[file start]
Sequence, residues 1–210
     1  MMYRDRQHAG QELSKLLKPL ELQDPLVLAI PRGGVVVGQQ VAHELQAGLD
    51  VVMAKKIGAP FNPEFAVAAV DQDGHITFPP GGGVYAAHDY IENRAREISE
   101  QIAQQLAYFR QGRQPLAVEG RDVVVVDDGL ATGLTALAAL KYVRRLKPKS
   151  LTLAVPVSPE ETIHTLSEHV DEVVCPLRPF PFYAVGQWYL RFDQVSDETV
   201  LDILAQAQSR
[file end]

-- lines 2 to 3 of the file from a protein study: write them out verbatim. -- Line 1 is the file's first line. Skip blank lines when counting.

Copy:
     1  MMYRDRQHAG QELSKLLKPL ELQDPLVLAI PRGGVVVGQQ VAHELQAGLD
    51  VVMAKKIGAP FNPEFAVAAV DQDGHITFPP GGGVYAAHDY IENRAREISE